Thursday, October 21, 2010

Long Johns is Where We Gone Wrong-abridged

Ella and I are already having battles over clothes. She wants to wear pajamas as an essential part of her everyday style. But not a matching set; that would be boring. No, she wants to wear tight Strawberry Shortcake pajama bottoms with a pink poofy Blues Clues shirt. Yesterday, she opted for red snowmen long johns inherited from big sister. Oh, I know. It isn't time for singing Winter Wonderland or anything, but I pulled them out while she can still wear them. And she decided to wear them, alright - to walk in and get her big brother and sister from school.

She got lots of attention, mainly from teachers who thought she was so cute walking around in seventy-five degree weather in winter-bedtime wear.

"Ella, check out your awesome PJs," exclaimed one kindergarten teacher. "High five!"

Ella smiled and jumped up to smack palms.

"How sweet! That is priceless," said another teacher, and I tried not to roll my eyes when I replied, "She wanted to wear it, so...."

I might have added, what's a mama to do? It's my general policy that parents should let their children commit grave fashion faux paus while people still think it's cute. Such as wearing pink high-tops with their fancy white church dress, for instance. Ella got a lot of attention for that, too-compliments, mind you. And she didn't need the encouragement.

After collecting Berto and Ana from their classes and strutting her stuff(chest out, hands on hips) in front of the teachers who kept applauding her adorableness, Ella Belle exited the school gate and then took off running top speed through the dirt away from me, curls bobbing.

""Berto, get her!" I called as I did my best to jog after her, Daniel bouncing in the sling as if it were a baby amusement ride.

Berto tried to snag her clothes to slow her down, but its not easy to catch someone wearing button-down long johns; there's just nothing to grab on to. She turned the corner onto the sidewalk of a busy street, a blur of big Dora sneakers and smiling snowmen.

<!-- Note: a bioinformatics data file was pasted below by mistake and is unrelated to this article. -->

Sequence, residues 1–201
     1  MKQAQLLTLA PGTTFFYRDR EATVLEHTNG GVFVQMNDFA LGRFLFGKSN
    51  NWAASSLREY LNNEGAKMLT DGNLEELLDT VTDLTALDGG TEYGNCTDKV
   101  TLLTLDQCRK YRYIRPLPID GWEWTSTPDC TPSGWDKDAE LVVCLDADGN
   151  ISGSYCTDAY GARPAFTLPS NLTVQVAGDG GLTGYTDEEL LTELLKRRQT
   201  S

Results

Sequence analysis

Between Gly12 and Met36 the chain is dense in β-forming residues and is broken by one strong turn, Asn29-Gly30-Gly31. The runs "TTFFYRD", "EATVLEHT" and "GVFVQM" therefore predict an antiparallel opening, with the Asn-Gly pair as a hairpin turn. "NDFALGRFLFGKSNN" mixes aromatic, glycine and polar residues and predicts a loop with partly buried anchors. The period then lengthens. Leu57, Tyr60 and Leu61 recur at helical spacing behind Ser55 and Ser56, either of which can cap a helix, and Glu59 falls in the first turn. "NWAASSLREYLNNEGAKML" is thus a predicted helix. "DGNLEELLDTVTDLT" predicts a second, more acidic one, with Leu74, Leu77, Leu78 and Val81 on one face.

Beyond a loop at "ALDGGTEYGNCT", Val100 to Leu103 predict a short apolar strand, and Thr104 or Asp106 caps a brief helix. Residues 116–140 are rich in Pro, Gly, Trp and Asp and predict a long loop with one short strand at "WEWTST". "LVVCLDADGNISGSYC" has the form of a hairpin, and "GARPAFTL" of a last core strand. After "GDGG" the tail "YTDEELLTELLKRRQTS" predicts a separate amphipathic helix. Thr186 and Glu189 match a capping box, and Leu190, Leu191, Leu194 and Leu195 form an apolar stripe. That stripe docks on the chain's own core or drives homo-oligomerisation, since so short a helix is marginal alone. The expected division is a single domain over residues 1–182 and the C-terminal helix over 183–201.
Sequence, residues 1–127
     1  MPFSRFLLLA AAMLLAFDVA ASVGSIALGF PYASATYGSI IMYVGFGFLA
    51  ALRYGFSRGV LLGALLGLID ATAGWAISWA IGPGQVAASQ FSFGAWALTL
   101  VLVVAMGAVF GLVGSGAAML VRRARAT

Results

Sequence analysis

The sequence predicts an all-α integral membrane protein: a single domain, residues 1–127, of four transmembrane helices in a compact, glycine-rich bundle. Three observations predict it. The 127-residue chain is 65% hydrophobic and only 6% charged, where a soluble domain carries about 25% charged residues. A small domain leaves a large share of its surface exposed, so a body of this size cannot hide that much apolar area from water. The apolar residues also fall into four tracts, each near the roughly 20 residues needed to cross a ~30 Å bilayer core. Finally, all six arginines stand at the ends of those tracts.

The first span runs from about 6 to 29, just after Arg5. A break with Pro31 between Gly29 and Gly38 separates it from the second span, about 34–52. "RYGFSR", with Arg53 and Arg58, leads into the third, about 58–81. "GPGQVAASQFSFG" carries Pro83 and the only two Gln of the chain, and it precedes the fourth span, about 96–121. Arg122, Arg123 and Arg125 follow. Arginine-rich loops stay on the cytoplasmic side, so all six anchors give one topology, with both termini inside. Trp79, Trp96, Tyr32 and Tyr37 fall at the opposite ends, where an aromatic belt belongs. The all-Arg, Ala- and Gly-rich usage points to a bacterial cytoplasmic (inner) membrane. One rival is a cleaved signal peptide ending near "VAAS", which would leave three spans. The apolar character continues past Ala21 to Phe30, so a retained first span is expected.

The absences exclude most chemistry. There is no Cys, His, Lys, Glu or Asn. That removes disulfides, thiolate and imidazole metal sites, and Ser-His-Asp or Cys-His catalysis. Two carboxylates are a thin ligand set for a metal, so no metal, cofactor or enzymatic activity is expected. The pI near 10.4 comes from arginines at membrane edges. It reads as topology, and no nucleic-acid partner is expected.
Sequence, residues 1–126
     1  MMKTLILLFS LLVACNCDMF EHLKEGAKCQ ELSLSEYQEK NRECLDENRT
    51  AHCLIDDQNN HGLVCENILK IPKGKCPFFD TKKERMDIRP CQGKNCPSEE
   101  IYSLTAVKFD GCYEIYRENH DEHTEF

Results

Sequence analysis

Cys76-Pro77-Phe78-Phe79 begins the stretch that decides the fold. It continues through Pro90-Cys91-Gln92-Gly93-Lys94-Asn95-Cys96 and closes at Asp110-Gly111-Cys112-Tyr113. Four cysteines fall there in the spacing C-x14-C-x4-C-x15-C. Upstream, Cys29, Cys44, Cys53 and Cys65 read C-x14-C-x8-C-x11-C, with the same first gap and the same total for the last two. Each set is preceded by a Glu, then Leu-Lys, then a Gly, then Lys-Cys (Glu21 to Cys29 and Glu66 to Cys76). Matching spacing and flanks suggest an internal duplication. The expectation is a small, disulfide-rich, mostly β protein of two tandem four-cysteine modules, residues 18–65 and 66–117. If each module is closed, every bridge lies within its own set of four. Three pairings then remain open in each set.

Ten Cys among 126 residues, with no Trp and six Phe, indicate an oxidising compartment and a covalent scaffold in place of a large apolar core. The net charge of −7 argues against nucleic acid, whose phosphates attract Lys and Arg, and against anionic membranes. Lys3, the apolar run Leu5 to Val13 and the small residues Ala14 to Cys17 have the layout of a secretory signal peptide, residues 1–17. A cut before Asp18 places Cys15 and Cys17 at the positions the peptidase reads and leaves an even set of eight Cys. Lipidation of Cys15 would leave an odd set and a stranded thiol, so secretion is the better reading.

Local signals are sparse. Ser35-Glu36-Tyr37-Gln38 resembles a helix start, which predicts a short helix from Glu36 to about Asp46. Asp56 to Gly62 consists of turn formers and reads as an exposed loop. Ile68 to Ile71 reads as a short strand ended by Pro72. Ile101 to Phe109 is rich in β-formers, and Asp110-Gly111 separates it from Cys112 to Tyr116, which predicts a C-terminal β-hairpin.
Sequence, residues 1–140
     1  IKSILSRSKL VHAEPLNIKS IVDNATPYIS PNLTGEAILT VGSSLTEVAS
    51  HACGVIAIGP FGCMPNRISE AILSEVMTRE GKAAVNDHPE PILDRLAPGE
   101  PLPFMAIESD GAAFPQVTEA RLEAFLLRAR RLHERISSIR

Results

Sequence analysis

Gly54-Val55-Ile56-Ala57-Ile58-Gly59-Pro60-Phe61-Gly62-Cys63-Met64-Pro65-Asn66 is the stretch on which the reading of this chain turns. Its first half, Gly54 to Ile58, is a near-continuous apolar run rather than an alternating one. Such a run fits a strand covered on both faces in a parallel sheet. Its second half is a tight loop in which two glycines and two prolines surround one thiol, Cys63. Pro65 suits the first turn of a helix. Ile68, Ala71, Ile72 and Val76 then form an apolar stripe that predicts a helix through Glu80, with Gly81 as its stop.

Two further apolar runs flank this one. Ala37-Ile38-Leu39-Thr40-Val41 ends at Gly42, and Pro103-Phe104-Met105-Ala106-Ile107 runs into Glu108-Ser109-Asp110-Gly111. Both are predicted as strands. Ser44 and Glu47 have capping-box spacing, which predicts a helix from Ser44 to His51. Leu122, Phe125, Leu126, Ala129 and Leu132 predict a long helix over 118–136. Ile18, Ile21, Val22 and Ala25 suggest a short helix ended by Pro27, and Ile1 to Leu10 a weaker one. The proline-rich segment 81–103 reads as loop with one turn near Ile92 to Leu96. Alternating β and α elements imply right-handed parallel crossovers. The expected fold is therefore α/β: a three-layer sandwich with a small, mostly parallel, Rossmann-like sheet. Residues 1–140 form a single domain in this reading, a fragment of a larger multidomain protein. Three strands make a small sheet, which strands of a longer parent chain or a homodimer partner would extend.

A friend of mine passed us in the school's carline and waved at me with a serious look on her face as three of my kids blazed ahead of me, and I struggled to keep up.

Meanwhile, Ana ran after Ella like Phoebe from Friends, arms and legs seemingly moving in entirely different directions-looking as if at any moment they might propel the top half of her into the dirt with only her legs left flaying in the air. But she was laughing as if it was tons of fun, and Ella and her snowmen finally ran out of steam, so I lassoed the whole bunch and stuffed them into the minivan.

On the drive home, I remembered that we had to pick up supper. I could just go to the grocery store, but going to Walmart was the multi-tasker's way to go; we still hadn't found Ana's costume, after all, and Berto needed face paint.

At this point I had pretty much forgotten about what Ella was wearing. That happens quite often to me now-forgetting important details like that. Besides, I now had a whole bunch of stuff to worry about, because a small traveling circus had come to Walmart. And by that I mean us.

We were already attracting attention in the parking lot. A woman reading in her car, waiting for a shopper, stared blatantly at us while Berto hung from the van hatch, Ella fussed about whether her personal carriage should be the stroller or a shopping cart, and Ana flitted about like a butterfly. Meanwhile, my head was spinning trying to make sure no one wandered off across the parking lot and nobody got hit by a car, so I was yelling at them to stop or come back or just stinkin' wait.